To avoid any misunderstanding, let’s say it right off the top: physical fitness is the basis of all physical sport. To say that is as trite as saying that you can’t even get an office job these days without computer skills. Having said that, the fitness fanatics and their cheering section, now in command of cricket in Canada and the West Indies, have some indictments to answer.
Both squads have been the beneficiaries of more physical training and medical monitoring than ever before. Yet their performances are worst than ever. Of course, thus far, the usual suspects (“The Board” and “the selectors”) have taken the brunt of the blame. Canada, but thankfully not the Windies, has also embarked on a “youth-before-merit” selection policy which has made a bad situation disastrous.
The latest manifestations of this conundrum is the forced “retirement” of our best allrounder, Sunil Dhaniram, age 42, on the eve of the World Cup when our current form against Associate countries like Ireland suggests we will be seriously humiliated by Test countries like Sri Lanka and Australia. (Editor’s note: Dhaniram has since been recalled.)The Windies have denied Jerome Taylor, Narsingh Deonarine and Ramnaresh Sarwan central contracts because of fitness concerns.
No arguments can be raised for Deonarine or Taylor. The former is so unfit balls keep going through his legs because touching his toes seems like a major challenge; the latter seems to have other things besides fitness on his mind since becoming a millionaire. But a review of Sarwan’s Test scores over the past 18 months raises questions:2009: 107; 94,106; 291; 14,14; 13,1; 100,22; 28,7;42,11; 2010: no Tests due to injury. His overall Test average is 41.73, better than Chris Gayle, second only to Shiv Chanderpaul. His fitness doesn’t seem to be a concern for the Guyanese selectors. He has just led his team to the Windies T-20 title and is in South Africa for the Club Champions League event.
Certainly, Sarwan gets injured often, as does Shiv Chanderpaul, but getting injured is not necessarily an indication of the lack of fitness. Very fit athletes also get injured. But how does a batsman make 94 and 106 in a Test followed by 291 in the next, if he isn’t fit (for cricket that is)? How come Dhaniram, “too old” and supposedly not fit enough for onedayers, is the only Canadian batsman to score not just one but two centuries (144 v Netherlands, 138 v Afghanistan) in our just concluded four-day Intercontinental Cup where Canada finished last, failing to win any of six games? Besides technique and concentration, it takes fitness to bat for hours on end. If fitness fails, technique and concentration usually go too.
Rational thinkers – other than fitness fanatics – would conclude that something doesn’t add up. My experience with coaches, selectors, administrators and fans who beat the fitness drum for every failure is: (a) they don’t understand that there are different fitness requirements for different sports; (b) they usually have no clue about how to improve technique, tactics, strategies or selection so they use fitness as a crutch. For sure, neither Sarwan nor Dhaniram can run a marathon or excel at kick-boxing; they may not even do as well as others on “Beep” tests. So what? That’s not what cricket asks of them. It asks them to stay at the crease and make runs and if they bowl, to get wickets or contain batsmen. Usain Bolt is the world’s fastest man. No one would dare say he’s not fit. But he’s fit for what he does (sprinting), not for the marathon, making centuries, bowling 25-30 overs a day at full pace or playing 90 minutes of soccer.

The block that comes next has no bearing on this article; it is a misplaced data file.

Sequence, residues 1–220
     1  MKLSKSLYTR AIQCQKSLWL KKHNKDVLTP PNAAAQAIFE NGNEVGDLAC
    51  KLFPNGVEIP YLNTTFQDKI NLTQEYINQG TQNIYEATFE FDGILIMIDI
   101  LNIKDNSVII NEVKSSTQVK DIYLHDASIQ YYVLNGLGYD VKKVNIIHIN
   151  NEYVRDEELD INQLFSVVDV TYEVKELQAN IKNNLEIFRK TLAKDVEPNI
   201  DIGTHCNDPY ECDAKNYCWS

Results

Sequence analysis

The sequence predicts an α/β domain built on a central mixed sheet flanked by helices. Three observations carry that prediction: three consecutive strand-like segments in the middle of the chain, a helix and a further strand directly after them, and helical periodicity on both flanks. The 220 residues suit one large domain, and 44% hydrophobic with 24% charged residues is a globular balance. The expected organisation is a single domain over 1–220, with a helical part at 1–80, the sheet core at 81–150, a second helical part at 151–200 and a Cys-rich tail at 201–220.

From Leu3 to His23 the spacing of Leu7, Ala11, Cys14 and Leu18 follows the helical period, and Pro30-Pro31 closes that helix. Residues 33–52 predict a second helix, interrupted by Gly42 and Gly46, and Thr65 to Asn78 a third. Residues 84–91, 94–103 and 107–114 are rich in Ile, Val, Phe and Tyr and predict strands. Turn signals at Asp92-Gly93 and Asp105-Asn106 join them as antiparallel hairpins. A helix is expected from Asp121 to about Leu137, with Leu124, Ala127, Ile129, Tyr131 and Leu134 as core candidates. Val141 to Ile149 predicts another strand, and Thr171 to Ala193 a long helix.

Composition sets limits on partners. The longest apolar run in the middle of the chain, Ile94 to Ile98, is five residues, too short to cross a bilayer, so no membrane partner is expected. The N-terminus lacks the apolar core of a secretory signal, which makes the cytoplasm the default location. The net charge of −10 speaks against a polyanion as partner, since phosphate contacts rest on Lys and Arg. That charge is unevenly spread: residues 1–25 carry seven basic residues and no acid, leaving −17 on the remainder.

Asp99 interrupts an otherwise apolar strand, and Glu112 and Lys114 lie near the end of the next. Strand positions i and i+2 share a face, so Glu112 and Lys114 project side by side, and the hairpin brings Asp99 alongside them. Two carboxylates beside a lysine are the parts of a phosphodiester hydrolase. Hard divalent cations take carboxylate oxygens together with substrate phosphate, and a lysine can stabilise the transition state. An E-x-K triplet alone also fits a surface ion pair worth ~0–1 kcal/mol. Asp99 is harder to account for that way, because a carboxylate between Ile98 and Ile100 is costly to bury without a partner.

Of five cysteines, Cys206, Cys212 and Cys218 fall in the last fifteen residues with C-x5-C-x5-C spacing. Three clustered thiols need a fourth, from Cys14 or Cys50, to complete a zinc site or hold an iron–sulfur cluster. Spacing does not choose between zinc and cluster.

One of the fads used these days to assess “fitness” is how aggressively fielders can throw their bodies over the ground to save even one run. This is precisely the insane risk vs. reward miscalculation that sent Sarwan crashing into the Headingley advertising boards – and out of action for months – during the 2007 England tour. Unlike the great ones, such as Colin Bland and Roger Harper, these moderns simply lack the ball sense, sharp reflexes and ability to read the game so as to anticipate where the ball is going. So they have to dive, like soldiers taking cover.
It wasn’t so long ago that former Windies selector Joey Carew asked the inconvenient question of these fitness fanatics: why, with so much emphasis and money spent on fitness (daily training) are so many Windies cricketers breaking down so often? There has been no answer. Getting players fit for cricket doesn’t mean training thoroughbreds for the Kentucky Derby. No should it involve ziz-zag running as required in soccer or rugby. But the fitness fanatics do it anyway – mindlessly.
Certainly, modern training methods, diet, hi-tech medical treatment etc. have enabled folks to stay fit longer. Logically, you would think this would lead to the Dhanirams playing competitively well into their 40s. But that’s not current selection thinking as these survivors of Noah’s Ark continue to wrongly equate fitness with age. Thanks to the ICC (Canada) and sponsors (Windies) cricketers have been inundated with head coaches, specialist coaches, analysts, shrinks, medics, training camps, tours, trainers, conditioners. You name it. Yet their performances deteriorate. If the supposedly “unfit” Dhanirams and Sarwans of Canada and the Windies can perform as well as they have, then we ought to start putting cricket’s fitness fanatics, their coaching methods and theories in the dock to answer some hard questions as to why their teams do so badly.